MICHEL MARTIN, HOST:
Now, we turn to a big story out of Arkansas. Plans by the state to execute several inmates in rapid succession have been blocked by the courts. The state had intended to complete the series of executions before its supply of a particular lethal injection drug expires. But rulings from several different judges have stopped that plan for now. Bobby Ampezzan is the managing editor of Arkansas Public Media, and he's with us now from Little Rock to tell us more about this story. Bobby, thank you so much for speaking with us.
BOBBY AMPEZZAN: Glad to be with you.
MARTIN: So I'm going to ask you to walk me through the latest developments, starting this morning when, as I understand it, a federal judge blocked six of these executions.
AMPEZZAN: Right, six of the cases. People might remember originally they were the Arkansas eight. They're eight men set to be executed in pairs beginning Monday. But one got his clemency appeal approved by the parole board and his execution stayed by the state Supreme Court. That was a few days ago. Friday, Bruce Ward was granted a stay because the courts agreed that he was mentally unfit to stand for these executions. But this morning, federal Judge Kristine Baker issued an injunction that stops the executions altogether - at least at this moment. This is the result of a week-long trial that really had some surprising revelations, most significantly that the manufacturers of these drugs for the lethal injections, they don't wish for their products to be used this way. They even question how the state got the drugs.
MARTIN: So there have been multiple rulings by several different courts addressing each of these issues. But is there a through line to any of their rulings?
AMPEZZAN: I mean, the court and the hearing that had lion's share of the gravity was Kristine Baker's hearing this week and her opinion this morning that found, her words, a significant possibility that the men will succeed on the merits of their Eighth Amendment challenge. Folks probably know the Eighth Amendment is the constitutional prohibition on cruel and unusual.
MARTIN: You mean, cruel and unusual punishment is what you're talking about.
AMPEZZAN: That's right. And the reason that I think Baker found this in court is that there have been a number of botched lethal injection executions across the country. Here in Arkansas, the one that probably is most profound was the one from three years ago in neighboring state Oklahoma - the execution of Clayton Lockett. This was an execution that took about three quarters of an hour, and it was the same three-drug protocol that Arkansas planned to use. Lockett was not sedated adequately, and as a result, when the second and third drugs were introduced, he began moaning and writhing, convulsing on the gurney. He clearly was distressed, and to some anti-death penalty advocates, it clearly constitutes torture.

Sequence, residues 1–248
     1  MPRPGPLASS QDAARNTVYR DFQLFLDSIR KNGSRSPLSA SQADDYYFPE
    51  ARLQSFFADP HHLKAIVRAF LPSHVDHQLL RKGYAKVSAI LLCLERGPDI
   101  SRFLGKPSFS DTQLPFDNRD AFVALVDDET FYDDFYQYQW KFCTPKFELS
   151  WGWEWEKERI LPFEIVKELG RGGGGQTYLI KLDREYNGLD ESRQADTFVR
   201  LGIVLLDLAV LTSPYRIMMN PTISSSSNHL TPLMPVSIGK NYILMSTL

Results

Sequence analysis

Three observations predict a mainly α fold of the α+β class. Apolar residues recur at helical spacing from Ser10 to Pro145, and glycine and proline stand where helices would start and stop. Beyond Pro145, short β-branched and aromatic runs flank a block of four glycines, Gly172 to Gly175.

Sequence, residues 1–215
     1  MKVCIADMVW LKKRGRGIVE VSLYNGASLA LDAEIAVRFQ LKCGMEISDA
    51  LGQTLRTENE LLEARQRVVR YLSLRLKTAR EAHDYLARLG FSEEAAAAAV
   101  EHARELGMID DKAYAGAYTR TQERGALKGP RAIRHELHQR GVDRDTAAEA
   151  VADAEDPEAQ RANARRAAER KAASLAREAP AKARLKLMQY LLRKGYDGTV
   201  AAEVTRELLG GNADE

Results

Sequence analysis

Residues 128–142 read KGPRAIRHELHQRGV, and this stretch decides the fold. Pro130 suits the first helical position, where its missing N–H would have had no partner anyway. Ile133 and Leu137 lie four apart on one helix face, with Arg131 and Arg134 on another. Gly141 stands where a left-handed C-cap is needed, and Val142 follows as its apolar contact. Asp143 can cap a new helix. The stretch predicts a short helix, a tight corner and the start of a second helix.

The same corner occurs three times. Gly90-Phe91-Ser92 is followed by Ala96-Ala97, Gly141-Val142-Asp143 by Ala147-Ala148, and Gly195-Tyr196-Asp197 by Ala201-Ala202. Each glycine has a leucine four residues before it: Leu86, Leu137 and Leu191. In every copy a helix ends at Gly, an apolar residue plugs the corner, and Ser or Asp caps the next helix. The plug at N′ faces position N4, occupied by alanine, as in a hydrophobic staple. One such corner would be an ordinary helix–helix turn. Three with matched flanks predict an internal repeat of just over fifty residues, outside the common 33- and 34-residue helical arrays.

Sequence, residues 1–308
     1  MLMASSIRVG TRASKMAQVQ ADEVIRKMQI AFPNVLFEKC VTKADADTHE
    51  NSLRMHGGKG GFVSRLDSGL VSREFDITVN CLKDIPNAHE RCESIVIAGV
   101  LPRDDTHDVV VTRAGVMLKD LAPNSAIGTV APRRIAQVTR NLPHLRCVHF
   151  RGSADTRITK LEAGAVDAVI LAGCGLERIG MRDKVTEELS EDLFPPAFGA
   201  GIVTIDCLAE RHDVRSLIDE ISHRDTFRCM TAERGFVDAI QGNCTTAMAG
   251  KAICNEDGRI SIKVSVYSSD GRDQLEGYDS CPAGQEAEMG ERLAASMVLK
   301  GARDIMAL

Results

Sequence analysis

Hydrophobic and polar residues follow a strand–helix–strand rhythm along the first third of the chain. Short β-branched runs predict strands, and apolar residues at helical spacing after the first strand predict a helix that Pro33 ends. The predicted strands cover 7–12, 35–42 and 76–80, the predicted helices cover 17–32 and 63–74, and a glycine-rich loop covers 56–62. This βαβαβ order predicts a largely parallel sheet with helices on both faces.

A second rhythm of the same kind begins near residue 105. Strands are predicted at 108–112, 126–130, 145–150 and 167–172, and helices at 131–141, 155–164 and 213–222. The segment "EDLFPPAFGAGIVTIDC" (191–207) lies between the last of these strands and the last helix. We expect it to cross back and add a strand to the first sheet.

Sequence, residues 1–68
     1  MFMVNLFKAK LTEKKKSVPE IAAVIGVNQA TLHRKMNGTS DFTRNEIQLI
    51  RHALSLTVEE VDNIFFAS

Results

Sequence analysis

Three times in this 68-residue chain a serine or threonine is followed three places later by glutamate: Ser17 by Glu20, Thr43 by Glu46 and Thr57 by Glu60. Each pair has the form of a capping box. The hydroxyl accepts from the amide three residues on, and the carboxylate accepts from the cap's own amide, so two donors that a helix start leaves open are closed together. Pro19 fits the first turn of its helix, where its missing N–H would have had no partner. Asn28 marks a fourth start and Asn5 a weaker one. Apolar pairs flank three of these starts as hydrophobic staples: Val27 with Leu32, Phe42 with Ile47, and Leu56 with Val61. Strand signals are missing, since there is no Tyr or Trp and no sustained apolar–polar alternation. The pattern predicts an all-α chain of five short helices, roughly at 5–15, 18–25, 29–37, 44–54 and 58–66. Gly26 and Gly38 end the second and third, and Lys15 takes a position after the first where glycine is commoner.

MARTIN: What have state officials, the governor for example, said about all of this?
AMPEZZAN: The governor issued a statement today. He made great pains to sympathize with the families of the victims. He also said that he is very confident that the state's attorney general will, quote, "expedite" the reviews in these court opinions. The executions could go forward if the state Supreme Court here in Arkansas - because there is another stay here locally - if they were to reverse that and then of course if the eighth reversed it, it might even be heard by the U.S. Supreme Court. Let me add one final point, though, that a recent poll here in Arkansas put approval of the death penalty upwards of 60 percent. There's no question but that the majority of Arkansans support the death penalty.
MARTIN: Bobby Ampezzan is the managing editor of Arkansas Public Media. He was kind enough to join us today from Little Rock, Ark. Bobby, thanks so much for speaking with us.
AMPEZZAN: You're welcome. Transcript provided by NPR, Copyright NPR.